Kids and Loveys: Why Some Children Need a Comfort Object

Kids and Loveys: Why Some Children Need a Comfort Object

Why are some kids so obsessed with their teddy bears or blankies?

By Judy Koutsky

Does your little one carry a teddy bear or favorite blanket everywhere he goes? Do you ever wonder what it represents and when is a good time to say goodbye to the comfort object? We talked to some experts to get the lowdown on loveys and what they mean for child development.

1. Why are comfort objects important? Teddy bears, blankets, and other “loveys” are called transitional objects by therapists -- and most family psychologists agree that they are essential for healthy child development. “Creating an attachment to a teddy or blanket is a way for infants and toddlers to feel a sense of security and comfort when they are away from their parents," says Kirsten Li-Barber, an assistant professor of psychology at High Point University. These transitional objects are also ways for your little one to learn to self-soothe when sleepy, anxious, and frustrated, says Fran Walfish, psychotherapist and author.

2. When should you be concerned? If a child seems to maintain a very strong attachment well into elementary school or has developed a sudden attachment or a change in the intensity of the attachment to a security blanket or teddy, it may be an indication of stress or anxiety, says Li-Barber. Talk to your child, make sure that he feels supported and loved at home, and make sure everything is OK at school.

3. Should you set boundaries for how often and where the child can have the lovey? As your little one gets older, you can establish boundaries that are age appropriate. For example, your child can be permitted to bring the lovey on an outing, but she must leave it in the car. Or if you’re doing a playdate with another child, he needs to leave the comfort object in Mom’s bag, suggests Rachel Needle, a clinical psychologist. If you’re trying to leave the comfort object at home, Needle suggests allowing your child to make choices about where to store the item, such as on a shelf, to increase the child’s sense of control.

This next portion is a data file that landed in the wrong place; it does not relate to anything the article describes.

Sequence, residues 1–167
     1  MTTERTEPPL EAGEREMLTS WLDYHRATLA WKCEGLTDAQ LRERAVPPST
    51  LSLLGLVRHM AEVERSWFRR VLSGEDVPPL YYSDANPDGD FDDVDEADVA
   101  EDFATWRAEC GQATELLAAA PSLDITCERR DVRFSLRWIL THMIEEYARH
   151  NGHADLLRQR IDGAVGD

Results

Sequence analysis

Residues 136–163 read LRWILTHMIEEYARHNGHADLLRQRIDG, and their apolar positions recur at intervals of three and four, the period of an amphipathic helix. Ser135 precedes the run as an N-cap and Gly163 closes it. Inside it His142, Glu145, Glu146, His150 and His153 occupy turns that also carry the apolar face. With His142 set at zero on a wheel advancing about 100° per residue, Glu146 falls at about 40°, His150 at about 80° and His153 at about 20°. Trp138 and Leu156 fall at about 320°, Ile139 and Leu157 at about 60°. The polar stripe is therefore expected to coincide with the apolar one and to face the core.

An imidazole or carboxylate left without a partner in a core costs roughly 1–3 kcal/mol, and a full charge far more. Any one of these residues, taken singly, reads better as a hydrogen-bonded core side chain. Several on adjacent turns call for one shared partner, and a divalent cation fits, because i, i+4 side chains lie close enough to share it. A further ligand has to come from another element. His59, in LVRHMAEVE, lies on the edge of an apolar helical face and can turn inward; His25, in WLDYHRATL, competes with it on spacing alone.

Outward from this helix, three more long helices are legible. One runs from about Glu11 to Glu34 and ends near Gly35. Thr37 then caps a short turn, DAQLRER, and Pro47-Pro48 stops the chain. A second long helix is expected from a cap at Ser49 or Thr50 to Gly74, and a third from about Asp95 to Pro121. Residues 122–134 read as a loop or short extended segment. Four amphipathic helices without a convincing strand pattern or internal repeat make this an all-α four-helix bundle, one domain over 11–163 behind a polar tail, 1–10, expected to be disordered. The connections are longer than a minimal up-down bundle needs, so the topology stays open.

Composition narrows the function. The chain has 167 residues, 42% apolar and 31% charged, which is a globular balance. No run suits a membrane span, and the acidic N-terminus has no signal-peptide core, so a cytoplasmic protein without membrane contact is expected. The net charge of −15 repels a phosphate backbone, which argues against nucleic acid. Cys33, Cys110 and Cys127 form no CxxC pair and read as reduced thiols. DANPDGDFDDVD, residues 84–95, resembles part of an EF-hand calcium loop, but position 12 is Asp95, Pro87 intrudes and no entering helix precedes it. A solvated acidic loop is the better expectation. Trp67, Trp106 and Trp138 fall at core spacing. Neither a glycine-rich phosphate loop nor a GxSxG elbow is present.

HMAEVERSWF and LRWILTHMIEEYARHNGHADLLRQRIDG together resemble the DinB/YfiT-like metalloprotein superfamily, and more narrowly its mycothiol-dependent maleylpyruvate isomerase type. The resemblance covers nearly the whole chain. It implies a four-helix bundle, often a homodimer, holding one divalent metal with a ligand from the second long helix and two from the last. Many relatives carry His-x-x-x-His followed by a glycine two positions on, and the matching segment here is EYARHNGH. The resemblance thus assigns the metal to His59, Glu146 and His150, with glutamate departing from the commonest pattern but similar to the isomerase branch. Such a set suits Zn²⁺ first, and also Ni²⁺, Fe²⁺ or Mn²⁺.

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4. Decreasing the dependence on the lovey. As children grow older, their dependence on inanimate objects for security should naturally fade away. When your child enters preschool, you can talk to your little one about additional boundaries while being sensitive to the child’s anxiety about entering a new environment, says Robyn Cassel, a clinical psychology resident. Some tactics that work? You can tell your child that the other kids might want to play with the lovey. You can suggest keeping it safe in a cubby or backpack. As your child becomes more comfortable with his or her sense of self and more practiced at self-soothing, there will be less of a need for the object.

5. Getting rid of the object. Most therapists agree taking away your child’s loved item is not recommended. “Bottom line: Never give away beloved attachment objects without your child agreeing,” says Walfish. Instead, have an open and truthful dialogue with him explaining why it may be time to give it up. “Children find security and safety in their environment and they will let you know when they are ready to give it up,” says Stacy Haynes, a counseling psychologist at Little Hands Family Services.

In the meantime, let your child have his lovey. Soon enough, he’ll forget he even had one.


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Does your child carry around a teddy bear or other comfort object?

Judy Koutsky is the former Editorial Director of KIWI magazine, a green parenting publication. She was also Executive Editor of, AOL Parent and Follow her on Twitter @JudyKoutsky.

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